Use this URL to cite or link to this record in EThOS: https://ethos.bl.uk/OrderDetails.do?uin=uk.bl.ethos.746886
Title: Investigation of the role of the KATP channel in vascular hyporeactivity in sepsis
Author: Buckley, James Francis
ISNI:       0000 0004 7226 9594
Awarding Body: UCL (University College London)
Current Institution: University College London (University of London)
Date of Award: 2017
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Abstract:
The lack of responsiveness of vascular smooth muscle cells (VSMCs) to vasopressor catecholamines is termed vascular hyporeactivity. Vascular hyporeactivity is an important component of sepsis. ATP-sensitive potassium channels (KATP) play a fundamental role in vascular hyporeactivity in long-term (>20hrs) sepsis. These channels remain in the open state, leading to membrane hyperpolarisation and subsequent relaxation of VSMCs. However, the precise mechanism of KATP activation in sepsis has yet to be elucidated. Disruption of the actin cytoskeleton, the direct effect of nitric oxide and the metabolic state of the cell all activate KATP channels and are possibilities. Therefore, three hypotheses were investigated: 1). Disruption of the actin cytoskeleton alters KATP channel function 2). Nitric oxide exerts a direct effect on the KATP channel. 3). Metabolic derangement is responsible for altered KATP channel function. Using confocal microscopy and biochemistry, it was demonstrated that the actin cytoskeleton of VSMCs was not disrupted in sepsis, and is therefore an unlikely mechanism for KATP channel activation. There was, however, a functional impairment of vascular function, indicating a lack of correlation between structure and function in the context of the model investigated. That NO has a direct effect on the KATP channel, and is subsequently responsible for its altered function in sepsis was also inconclusive. Finally, using HPLC techniques, no evidence to suggest that altered levels of adenosine nucleotide phosphates cause dysregulation of the KATP channel in either in vitro or in vivo models of sepsis (despite evidence of functional impairment) was observed. Therefore, in the context of the models used, none of the afore-mentioned mechanisms were shown to be responsible for the altered KATP channel observed in vascular tissue in sepsis.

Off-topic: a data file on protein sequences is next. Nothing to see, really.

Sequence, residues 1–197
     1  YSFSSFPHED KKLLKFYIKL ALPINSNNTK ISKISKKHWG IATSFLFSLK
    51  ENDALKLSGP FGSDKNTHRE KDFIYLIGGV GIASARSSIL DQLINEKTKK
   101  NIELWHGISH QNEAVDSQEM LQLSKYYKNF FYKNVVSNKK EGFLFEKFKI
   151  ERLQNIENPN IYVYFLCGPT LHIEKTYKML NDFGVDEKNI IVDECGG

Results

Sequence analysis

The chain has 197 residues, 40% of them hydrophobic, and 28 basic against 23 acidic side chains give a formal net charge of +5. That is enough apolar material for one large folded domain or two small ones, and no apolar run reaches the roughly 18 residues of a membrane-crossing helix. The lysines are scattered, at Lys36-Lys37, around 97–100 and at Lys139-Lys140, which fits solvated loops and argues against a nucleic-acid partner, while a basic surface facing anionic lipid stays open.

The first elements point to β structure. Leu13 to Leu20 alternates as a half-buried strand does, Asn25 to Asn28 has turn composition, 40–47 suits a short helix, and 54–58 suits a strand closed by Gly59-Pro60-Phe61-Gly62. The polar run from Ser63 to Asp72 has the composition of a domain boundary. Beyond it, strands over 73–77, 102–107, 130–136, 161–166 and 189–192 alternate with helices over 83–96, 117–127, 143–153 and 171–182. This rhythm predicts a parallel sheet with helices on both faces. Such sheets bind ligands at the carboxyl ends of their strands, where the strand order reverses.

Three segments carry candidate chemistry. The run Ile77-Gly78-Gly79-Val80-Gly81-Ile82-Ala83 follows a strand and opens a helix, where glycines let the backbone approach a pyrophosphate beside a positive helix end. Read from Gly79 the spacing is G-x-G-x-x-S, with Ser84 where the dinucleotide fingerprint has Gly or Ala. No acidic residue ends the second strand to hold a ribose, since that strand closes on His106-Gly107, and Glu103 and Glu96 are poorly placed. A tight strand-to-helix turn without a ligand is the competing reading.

Supervisor: Not available Sponsor: Not available
Qualification Name: Thesis (Ph.D.) Qualification Level: Doctoral
EThOS ID: uk.bl.ethos.746886  DOI: Not available
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